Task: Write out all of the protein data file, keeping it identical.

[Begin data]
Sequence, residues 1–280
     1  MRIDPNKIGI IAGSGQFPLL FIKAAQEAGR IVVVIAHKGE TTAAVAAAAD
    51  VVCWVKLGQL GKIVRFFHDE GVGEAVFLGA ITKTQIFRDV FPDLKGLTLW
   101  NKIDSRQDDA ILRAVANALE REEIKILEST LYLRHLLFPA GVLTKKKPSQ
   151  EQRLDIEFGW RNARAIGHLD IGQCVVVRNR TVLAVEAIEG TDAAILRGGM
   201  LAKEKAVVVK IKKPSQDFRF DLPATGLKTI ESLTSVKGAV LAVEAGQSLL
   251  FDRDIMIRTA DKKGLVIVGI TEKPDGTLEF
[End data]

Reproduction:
Sequence, residues 1–280
     1  MRIDPNKIGI IAGSGQFPLL FIKAAQEAGR IVVVIAHKGE TTAAVAAAAD
    51  VVCWVKLGQL GKIVRFFHDE GVGEAVFLGA ITKTQIFRDV FPDLKGLTLW
   101  NKIDSRQDDA ILRAVANALE REEIKILEST LYLRHLLFPA GVLTKKKPSQ
   151  EQRLDIEFGW RNARAIGHLD IGQCVVVRNR TVLAVEAIEG TDAAILRGGM
   201  LAKEKAVVVK IKKPSQDFRF DLPATGLKTI ESLTSVKGAV LAVEAGQSLL
   251  FDRDIMIRTA DKKGLVIVGI TEKPDGTLEF